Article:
After months of conflating punitive sanctions with diplomatic engagement, President Barack Obama apparently believes he has nearly exhausted his diplomatic options for dealing with Iran’s alleged nuclear weapons program.
“I believe there is a window of time to solve this diplomatically, but that window is closing,” he told reporters in Seoul on the eve of a nuclear summit. And given Washington’s apparent distaste for letting any problem in the world go “unsolved,” the president’s words should be read as yet another military threat against the Iranian homeland.
Of course, exactly what problem remains to be “solved” is a little less clear on further examination.
In a lengthy interview with the Atlantic’s Jeffrey Goldberg, a sometimes-hawkish journalist with close ties to both the Obama administration and the Israeli defense establishment, Obama emphasized that preventing Iran from developing a nuclear weapon “is profoundly in the security interests of the United States, and that when I say we’re not taking any option off the table, we mean it. We are going to continue to apply pressure until Iran takes a different course.”
One might get the impression that Obama is accusing Iran of building a nuclear weapon—and that the goal of sanctions, therefore, is to persuade the Iranian regime to stop. However, the president also conceded to Goldberg that “our assessment, which is shared by the Israelis, is that Iran does not yet have a nuclear weapon and is not yet in a position to obtain a nuclear weapon without us having a pretty long lead time in which we will know that they are making that attempt.”
By its own assessment, then, the United States is sanctioning Iran over a nuclear weapons program that neither the Mossad nor the CIA nor the president of the United States himself believes to exist. And they’ve repeatedly promised military action if the sanctions “fail” to make Iran give up a program that no one believes it has in the first place! In his 45-minute interview with the president, Goldberg never once seemed to catch onto this.
Nor is it an issue of inspections. Iran has already admitted inspectors into some of its more sensitive nuclear installations, and yet the U.S. Congress is still trying to push through ever newer rounds of sanctions against the regime.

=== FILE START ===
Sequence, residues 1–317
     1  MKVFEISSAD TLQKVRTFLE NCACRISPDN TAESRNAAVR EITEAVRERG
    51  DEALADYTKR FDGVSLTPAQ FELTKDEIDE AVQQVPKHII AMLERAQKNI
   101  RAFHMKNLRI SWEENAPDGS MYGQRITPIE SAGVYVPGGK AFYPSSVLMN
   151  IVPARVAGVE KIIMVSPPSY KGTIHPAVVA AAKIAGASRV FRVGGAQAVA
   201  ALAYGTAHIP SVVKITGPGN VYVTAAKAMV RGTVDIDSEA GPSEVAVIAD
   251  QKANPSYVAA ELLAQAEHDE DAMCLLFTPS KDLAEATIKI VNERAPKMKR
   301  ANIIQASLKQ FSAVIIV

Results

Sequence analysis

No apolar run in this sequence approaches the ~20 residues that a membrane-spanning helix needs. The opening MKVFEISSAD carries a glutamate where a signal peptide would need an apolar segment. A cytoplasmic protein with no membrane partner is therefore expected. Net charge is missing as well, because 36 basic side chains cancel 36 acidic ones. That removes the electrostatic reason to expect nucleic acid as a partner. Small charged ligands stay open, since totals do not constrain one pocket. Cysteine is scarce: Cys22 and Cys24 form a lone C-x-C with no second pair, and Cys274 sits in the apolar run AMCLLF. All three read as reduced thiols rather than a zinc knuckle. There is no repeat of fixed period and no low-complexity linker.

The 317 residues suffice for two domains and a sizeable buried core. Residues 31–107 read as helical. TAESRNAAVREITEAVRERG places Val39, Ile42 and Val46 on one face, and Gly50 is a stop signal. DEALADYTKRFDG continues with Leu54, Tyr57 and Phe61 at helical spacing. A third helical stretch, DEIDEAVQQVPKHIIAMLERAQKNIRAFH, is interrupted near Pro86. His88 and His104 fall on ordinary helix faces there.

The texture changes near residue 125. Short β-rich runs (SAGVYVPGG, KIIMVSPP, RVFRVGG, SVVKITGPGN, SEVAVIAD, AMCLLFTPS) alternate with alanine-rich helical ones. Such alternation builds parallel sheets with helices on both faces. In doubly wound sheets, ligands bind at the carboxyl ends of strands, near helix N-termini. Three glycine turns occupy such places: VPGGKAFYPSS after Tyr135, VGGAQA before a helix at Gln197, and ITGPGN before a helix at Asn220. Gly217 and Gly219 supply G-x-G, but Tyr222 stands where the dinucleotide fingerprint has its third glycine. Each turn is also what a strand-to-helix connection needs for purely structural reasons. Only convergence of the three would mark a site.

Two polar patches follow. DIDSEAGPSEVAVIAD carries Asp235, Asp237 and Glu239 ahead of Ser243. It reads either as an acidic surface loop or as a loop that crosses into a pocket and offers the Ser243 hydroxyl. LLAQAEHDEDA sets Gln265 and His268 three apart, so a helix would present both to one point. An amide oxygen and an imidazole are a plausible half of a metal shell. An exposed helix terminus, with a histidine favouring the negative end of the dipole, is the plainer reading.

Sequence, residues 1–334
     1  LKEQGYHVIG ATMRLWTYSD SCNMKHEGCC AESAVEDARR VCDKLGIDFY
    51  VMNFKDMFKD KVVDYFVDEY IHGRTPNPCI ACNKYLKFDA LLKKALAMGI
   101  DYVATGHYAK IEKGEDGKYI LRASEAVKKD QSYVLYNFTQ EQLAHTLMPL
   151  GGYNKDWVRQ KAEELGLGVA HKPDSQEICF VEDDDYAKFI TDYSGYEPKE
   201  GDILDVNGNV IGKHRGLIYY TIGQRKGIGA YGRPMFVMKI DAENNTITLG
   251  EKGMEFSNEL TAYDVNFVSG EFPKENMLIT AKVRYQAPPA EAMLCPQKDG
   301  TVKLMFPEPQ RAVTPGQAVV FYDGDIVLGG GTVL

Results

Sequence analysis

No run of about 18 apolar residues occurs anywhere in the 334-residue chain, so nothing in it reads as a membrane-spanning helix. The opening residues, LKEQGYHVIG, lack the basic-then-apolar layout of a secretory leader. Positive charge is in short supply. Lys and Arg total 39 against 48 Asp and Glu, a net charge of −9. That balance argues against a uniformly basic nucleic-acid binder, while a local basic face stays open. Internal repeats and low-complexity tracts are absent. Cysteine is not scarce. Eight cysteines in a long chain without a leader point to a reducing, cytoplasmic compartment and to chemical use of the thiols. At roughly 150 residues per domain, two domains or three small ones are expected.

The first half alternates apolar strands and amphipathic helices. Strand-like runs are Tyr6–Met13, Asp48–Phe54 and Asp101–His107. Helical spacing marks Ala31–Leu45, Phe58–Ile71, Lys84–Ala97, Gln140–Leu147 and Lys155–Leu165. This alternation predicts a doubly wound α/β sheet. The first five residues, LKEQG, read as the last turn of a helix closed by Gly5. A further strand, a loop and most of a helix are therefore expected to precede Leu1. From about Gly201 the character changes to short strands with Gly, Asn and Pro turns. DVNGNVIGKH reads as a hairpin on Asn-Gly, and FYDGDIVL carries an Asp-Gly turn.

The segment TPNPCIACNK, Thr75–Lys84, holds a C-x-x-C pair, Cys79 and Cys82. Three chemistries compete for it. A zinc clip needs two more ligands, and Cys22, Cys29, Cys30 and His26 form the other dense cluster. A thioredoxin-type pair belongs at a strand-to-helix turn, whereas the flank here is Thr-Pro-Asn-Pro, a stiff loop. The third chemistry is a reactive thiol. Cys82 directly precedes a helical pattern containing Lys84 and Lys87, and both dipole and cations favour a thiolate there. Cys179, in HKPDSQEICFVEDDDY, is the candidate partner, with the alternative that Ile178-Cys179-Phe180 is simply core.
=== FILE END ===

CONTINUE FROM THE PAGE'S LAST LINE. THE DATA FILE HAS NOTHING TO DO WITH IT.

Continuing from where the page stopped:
Iran’s Supreme Leader even called possession of nuclear weapons “a sin” and “against Islamic rules.” The Supreme Leader may not be the most credible source on the matter, but that’s about as close to a Rushdie-style fatwa against nukes as one is likely to hear.
So why the sanctions?
The most sinister explanation is that the sanctions are little more than a prelude to regime change. If sanctions “fail” – and they can’t really succeed, since the problem they purport to address is a fantasy – then America’s Iran hawks will have checked off yet another box on the road to war.
But although Obama’s posturing toward Iran has been on balance quite hawkish, the president himself seems keen to avoid an overt military confrontation with the Islamic Republic—at least in an election year.
Maybe there’s another reason. Obama hinted as much when he told Goldberg that “as Israel’s closest friend and ally,” it is incumbent on the United States to “point out to them that we have a sanctions architecture that is far more effective than anybody anticipated; that we have a world that is about as united as you get behind the sanctions.” According to the president, then, the primary purpose of U.S. sanctions on Iran is to persuade Israel that both the United States and the international community are committed to Israel’s security—and, therefore, that there’s no need for Israel to do something rash like unilaterally attacking Iran.
Put another way, Obama is sanctioning Iran to influence Israel’s behavior. One could almost forgive Iran for feeling a little burned up about it.
Of course, once upon a time, a nuclear-armed country making open threats to attack a regional rival—particularly one that has never admitted IAEA inspectors and has chalked up a recent history of invading neighbors, bombing civilian population centers, and working with a terrorist organization to assassinate civilian nuclear scientists—would have found itself a prime target of international sanctions.
Apparently these are not ordinary times. But if Obama is concerned that his efforts at “diplomacy” are going nowhere, maybe it’s because he’s sanctioning the wrong country.
Peter Certo is an editorial assistant at the Institute of Policy Studies as well as IPS Special Project Right Web.